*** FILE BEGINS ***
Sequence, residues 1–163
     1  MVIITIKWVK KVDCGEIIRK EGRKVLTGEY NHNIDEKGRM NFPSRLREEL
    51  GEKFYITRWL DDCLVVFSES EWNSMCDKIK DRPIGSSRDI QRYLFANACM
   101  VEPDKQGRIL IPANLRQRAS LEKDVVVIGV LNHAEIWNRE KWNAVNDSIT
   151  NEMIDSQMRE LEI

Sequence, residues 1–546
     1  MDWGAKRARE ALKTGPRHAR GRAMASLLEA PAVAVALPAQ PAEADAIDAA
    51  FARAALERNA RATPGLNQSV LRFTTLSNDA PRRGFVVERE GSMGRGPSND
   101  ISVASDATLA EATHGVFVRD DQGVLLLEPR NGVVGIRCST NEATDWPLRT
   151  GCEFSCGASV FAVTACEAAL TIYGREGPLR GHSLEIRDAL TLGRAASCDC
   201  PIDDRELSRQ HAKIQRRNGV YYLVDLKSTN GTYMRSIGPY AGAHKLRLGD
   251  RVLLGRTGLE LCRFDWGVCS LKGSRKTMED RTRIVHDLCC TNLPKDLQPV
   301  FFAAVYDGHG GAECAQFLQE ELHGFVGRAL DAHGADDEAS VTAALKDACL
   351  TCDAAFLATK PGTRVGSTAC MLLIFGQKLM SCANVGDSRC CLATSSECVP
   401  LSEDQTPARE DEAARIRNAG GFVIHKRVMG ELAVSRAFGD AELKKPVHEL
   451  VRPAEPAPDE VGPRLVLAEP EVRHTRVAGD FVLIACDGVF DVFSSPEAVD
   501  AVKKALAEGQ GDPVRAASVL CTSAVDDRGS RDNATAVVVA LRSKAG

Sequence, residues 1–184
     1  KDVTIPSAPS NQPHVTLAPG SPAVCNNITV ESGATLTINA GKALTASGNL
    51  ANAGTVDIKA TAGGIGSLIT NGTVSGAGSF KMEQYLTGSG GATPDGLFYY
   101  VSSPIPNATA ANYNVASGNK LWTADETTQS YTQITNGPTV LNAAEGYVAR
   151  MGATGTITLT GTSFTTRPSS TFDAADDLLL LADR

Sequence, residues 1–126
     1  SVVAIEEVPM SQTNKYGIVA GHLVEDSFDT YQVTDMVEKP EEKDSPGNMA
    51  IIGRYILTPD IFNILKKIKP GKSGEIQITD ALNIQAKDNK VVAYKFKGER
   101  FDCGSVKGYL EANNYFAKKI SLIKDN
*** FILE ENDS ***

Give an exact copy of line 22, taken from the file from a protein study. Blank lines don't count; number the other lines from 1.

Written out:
   151  MGATGTITLT GTSFTTRPSS TFDAADDLLL LADR